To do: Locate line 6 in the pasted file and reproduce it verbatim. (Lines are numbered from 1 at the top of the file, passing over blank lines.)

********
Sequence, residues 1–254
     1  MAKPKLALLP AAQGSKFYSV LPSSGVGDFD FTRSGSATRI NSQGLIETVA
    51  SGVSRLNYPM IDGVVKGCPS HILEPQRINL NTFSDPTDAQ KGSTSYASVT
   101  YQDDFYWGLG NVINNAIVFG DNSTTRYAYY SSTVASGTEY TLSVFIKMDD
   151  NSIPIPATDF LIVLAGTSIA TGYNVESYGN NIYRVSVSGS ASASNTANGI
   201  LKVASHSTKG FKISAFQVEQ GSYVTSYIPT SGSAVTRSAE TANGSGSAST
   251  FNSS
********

   201  LKVASHSTKG FKISAFQVEQ GSYVTSYIPT SGSAVTRSAE TANGSGSAST